The Absolute Asia Tours’ team is full of seasoned travellers, destination experts and professed food fanatics – but no one knows travel and tours in Asia quite like our tour guides. That’s why, when it comes to Thailand travel advice, we go to our on-the-ground travel experts. Thankfully, we have a whole team of them!
This time around in our Tips from a Tour Guide series, we talked to our top Chiang Mai, Thailand tour guide Amy Somkran who helps visitors to her home city fall in love with its culture and people.
Amy gives her local tips on how to bargain like a true pro in Thailand – right down to the phrases, body language and jokes that will help you get the best price!
“If you are shopping for souvenirs in a big city like Chiang Mai or Bangkok, most souvenir shops will carry identical or similar stuff. Don’t feel like you can’t wander around and look for the best price – if you feel like you aren’t getting the price you want, move to another stall. But remember – most vendors know each other, so their prices will usually be about the same!”
“Thai people are very outwardly friendly, and will be kinder on their prices if you bargain with a smile! Looking tough or mean when you are bargaining won’t get you far in Thailand. Smile, laugh and try to have a good time while bargaining – the locals will appreciate it a lot more!”
“Bargaining is starting a conversation, so it is rude to simply ask ‘how much’. Start your conversation with a smile, eye contact and a friendly ‘sawasdee ka’. This will immediately show that you respect local culture, and will make it easier for the vendor to give you a nice discount!”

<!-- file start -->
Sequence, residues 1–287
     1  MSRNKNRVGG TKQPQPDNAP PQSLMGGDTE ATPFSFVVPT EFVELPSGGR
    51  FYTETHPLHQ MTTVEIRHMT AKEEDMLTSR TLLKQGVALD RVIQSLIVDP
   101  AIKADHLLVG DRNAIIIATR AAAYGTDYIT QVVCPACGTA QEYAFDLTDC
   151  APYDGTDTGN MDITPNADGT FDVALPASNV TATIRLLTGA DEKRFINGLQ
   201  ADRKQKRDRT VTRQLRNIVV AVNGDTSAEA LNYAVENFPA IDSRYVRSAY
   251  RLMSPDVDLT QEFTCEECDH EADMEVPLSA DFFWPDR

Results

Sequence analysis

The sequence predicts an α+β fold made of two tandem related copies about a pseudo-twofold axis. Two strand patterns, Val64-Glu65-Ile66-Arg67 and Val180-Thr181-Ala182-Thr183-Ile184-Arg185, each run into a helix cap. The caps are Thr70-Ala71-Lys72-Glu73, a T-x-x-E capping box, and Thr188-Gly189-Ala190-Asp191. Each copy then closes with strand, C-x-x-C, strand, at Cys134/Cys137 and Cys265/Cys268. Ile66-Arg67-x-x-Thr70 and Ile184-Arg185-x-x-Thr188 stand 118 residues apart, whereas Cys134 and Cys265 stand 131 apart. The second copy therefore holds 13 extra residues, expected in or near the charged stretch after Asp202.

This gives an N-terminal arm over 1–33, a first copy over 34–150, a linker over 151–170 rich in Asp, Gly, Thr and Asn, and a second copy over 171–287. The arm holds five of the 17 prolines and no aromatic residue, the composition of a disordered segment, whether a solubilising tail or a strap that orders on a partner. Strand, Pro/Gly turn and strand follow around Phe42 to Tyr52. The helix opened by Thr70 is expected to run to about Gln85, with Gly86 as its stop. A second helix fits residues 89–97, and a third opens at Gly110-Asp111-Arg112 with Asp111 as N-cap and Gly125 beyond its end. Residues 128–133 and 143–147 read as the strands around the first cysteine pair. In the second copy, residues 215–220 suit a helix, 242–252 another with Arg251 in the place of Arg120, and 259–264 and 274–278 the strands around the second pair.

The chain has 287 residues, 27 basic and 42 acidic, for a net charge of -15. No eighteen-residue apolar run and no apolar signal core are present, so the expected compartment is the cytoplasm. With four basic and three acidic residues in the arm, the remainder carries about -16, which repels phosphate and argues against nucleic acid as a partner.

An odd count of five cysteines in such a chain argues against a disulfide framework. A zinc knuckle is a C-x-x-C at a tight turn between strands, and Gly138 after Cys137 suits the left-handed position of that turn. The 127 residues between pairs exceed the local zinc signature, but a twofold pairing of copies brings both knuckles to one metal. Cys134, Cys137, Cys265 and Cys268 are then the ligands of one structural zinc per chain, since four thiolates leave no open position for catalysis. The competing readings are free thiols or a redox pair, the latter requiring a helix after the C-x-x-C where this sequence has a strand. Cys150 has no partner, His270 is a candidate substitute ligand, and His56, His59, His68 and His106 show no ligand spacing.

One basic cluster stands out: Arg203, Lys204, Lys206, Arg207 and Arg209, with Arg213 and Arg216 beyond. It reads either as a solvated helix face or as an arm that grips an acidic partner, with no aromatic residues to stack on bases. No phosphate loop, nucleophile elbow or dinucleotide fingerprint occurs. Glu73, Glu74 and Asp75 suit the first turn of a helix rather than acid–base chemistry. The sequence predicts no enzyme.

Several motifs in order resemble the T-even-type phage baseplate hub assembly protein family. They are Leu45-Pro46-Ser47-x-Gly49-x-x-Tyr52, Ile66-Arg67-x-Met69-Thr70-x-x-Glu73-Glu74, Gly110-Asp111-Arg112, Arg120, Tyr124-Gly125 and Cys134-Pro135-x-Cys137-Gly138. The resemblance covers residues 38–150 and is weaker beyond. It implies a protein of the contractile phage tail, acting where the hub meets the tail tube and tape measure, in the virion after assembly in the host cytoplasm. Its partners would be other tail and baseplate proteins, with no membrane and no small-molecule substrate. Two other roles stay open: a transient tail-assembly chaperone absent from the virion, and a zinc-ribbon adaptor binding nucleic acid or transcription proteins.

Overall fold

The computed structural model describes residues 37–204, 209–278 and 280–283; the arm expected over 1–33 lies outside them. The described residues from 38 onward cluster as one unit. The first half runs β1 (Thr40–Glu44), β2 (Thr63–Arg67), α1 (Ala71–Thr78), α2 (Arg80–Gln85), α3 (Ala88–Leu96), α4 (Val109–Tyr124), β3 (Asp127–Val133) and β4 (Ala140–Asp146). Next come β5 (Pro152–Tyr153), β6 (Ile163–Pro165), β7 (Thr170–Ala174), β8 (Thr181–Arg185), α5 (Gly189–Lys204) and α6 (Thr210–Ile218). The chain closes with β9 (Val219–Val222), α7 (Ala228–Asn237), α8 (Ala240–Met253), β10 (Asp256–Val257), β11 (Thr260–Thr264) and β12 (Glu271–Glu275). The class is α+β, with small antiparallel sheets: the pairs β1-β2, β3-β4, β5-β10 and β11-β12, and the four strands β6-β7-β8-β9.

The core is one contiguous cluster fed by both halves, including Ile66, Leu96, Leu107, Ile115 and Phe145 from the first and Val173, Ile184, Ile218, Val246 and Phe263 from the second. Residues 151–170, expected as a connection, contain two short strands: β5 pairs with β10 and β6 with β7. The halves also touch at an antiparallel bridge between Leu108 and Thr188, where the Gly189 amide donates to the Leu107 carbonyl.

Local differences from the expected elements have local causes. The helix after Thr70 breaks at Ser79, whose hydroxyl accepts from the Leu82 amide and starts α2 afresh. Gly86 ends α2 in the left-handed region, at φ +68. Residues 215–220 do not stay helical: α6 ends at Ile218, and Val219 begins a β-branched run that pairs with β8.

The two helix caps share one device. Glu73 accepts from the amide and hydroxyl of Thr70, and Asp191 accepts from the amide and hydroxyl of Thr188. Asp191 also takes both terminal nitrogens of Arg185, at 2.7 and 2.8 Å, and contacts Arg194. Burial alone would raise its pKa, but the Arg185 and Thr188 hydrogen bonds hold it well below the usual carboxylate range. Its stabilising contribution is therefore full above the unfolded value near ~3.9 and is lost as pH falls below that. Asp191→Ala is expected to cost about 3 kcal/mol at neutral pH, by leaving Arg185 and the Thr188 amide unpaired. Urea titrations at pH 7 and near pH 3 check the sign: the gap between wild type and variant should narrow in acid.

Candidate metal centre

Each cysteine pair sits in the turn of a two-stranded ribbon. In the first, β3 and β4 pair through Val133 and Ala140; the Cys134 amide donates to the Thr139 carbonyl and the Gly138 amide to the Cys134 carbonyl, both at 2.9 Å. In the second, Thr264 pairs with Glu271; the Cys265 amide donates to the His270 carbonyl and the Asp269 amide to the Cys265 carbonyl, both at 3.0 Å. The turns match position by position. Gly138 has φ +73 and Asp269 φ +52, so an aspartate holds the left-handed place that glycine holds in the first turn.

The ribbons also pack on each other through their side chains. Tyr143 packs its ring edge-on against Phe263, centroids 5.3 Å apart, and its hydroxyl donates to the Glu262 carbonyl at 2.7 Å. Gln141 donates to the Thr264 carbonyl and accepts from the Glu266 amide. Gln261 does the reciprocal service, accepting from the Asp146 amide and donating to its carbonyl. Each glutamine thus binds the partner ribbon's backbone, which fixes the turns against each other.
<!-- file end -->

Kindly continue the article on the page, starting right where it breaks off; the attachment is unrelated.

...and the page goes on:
“There are lots of words in Thai to help you sound more polite. Just like in English when you might ask for a discount with a friendly ‘please’, we use the phrase “lod noi dai mai ka”, which translates to “please can you lower the price?” Using this phrase shows that you aren’t afraid to try to speak Thai, and might charm the vendor into giving you a ‘local’ discount!”
“I learned this one from Chinese tourists that I would show around Chiang Mai. Rather than staying at one shop and bargaining, if you aren’t doing as well bargaining as you’d hoped, move away to another vendor. If they really want the sale, they will come after you and give you a discount! Make sure you do it with a smile!”
“Thai people love having fun, and bargaining is no exception! Make bargaining a chance to play a game with a local vendor. If you make it stressful or mean, you will never get a discount. Don’t be afraid to make a joke or crack a sly smile while bargaining!”
“Body language in Thai is almost as important as the words you are using. If you want to show your sincerity or kindness when you say ‘lod noi dai mai ka’, do it with a “wai” – which is when your hands are folded in front of your face in what Westerners sometimes call ‘prayer’ hands. This makes your request extra polite!”
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